Women In Susan Ware's Women And The Great Depression

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The Great Depression started in 1929, with the stock market crash of October 24. This crash and the crash 16 days later, lead to millions of shares being worthless and investors being wiped out. The stock market crash lead to an incline in spending and investment, which in turn led to factories reducing down their production and firing employees. American who had bought on credit fell into debt and the foreclosures and evictions rose. During the Great Depression, many men were saddled with unemployment or a reduction in wages. This meant that a nuclear family could not depend entirely on a husband pay check, as they have done is the past. This lead to a large number of women joining or trying to join the workforce. Unfortunately for women during this time, many people viewed married…show more content…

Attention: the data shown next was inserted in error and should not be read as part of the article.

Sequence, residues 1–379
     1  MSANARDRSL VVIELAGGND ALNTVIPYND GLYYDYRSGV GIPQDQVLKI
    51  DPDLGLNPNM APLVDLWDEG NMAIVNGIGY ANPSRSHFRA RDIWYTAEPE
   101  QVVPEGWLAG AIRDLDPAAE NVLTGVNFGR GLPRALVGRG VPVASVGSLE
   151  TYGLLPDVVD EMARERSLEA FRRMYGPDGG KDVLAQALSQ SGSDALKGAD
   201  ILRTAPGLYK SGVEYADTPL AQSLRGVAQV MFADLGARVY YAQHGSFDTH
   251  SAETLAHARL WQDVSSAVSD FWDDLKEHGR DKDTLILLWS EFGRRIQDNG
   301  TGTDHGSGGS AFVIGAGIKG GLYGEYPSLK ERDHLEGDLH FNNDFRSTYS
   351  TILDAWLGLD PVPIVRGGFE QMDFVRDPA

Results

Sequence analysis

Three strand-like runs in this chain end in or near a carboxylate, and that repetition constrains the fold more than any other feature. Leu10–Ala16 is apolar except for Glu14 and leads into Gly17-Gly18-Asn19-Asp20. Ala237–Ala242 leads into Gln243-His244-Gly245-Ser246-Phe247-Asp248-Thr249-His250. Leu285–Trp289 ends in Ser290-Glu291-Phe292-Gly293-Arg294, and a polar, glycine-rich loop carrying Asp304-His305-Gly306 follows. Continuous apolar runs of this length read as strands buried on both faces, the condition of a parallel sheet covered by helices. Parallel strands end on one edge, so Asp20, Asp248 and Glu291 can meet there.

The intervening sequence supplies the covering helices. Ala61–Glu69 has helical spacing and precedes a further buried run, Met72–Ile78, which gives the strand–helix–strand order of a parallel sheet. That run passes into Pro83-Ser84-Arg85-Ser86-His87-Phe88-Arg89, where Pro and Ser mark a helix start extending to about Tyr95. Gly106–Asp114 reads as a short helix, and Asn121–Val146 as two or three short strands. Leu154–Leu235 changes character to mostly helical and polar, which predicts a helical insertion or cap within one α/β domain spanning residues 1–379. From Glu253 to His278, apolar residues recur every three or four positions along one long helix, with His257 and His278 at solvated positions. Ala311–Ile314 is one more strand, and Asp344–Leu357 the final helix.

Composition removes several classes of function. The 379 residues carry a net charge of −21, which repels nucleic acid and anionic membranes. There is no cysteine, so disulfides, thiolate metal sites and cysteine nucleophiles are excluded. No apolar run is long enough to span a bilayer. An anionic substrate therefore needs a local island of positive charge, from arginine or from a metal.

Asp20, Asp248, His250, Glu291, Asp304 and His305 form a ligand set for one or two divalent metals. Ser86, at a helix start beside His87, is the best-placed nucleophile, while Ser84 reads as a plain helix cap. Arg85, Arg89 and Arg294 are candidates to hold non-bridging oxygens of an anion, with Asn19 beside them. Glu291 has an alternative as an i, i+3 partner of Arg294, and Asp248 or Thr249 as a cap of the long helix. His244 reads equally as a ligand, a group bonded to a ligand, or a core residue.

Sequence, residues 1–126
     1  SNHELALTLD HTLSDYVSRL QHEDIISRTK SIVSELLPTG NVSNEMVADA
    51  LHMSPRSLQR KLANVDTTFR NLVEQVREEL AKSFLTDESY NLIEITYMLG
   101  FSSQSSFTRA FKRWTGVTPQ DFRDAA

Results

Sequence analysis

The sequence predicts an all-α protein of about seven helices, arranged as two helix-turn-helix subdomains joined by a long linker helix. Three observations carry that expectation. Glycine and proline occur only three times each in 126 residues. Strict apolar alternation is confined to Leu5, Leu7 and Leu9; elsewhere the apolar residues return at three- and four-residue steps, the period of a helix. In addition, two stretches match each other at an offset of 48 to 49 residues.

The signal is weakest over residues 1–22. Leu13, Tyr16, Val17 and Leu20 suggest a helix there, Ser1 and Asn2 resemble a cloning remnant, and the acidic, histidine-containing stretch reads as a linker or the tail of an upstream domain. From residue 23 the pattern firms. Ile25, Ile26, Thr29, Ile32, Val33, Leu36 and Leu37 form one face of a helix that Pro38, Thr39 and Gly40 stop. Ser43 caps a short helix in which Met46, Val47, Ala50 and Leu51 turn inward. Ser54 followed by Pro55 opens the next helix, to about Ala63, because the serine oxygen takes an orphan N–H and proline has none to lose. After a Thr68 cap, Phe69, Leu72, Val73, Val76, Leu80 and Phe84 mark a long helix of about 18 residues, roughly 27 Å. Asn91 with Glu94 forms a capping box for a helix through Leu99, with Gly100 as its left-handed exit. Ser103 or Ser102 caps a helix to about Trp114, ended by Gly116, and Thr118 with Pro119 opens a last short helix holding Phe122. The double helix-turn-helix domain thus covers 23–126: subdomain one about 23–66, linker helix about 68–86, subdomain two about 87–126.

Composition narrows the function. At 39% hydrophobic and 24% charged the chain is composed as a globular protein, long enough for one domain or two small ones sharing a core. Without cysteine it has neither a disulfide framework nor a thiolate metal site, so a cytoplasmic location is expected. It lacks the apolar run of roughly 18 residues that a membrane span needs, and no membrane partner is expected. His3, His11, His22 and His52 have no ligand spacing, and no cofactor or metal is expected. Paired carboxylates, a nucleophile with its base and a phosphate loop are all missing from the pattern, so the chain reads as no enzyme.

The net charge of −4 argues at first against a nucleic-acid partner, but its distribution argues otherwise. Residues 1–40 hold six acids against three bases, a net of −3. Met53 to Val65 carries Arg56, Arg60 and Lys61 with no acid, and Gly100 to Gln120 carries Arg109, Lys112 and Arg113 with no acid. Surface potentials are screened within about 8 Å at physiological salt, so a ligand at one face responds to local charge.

According to Ware: “Women who sought relief or paid employment risked public scorn or worse for supposedly taking jobs and money away from more deserving men.” Ware goes on to show why this idea was flawed. To begin with, many women were the sole source of financial support for themselves or their families. Furthermore, the jobs that women mainly got were in what we now consider traditionally women work, such as nurses, or sectaries. This influx of women in the workplace managed to both upset and reinforce the status quo. While women flooded the workforce and in many cases became the main breadwinner of the family, the jobs that they had were in traditionally female areas, and thereby helped reinforce what was viewed as feminine jobs and what was viewed as masculine jobs. By the end of the Depression in 1939, the areas in which women had predominately worked such as nursing and clerical work, were viewed as women’s work, which in turn made in more difficulty for the government to persuade women to enter the workforce during the Second World
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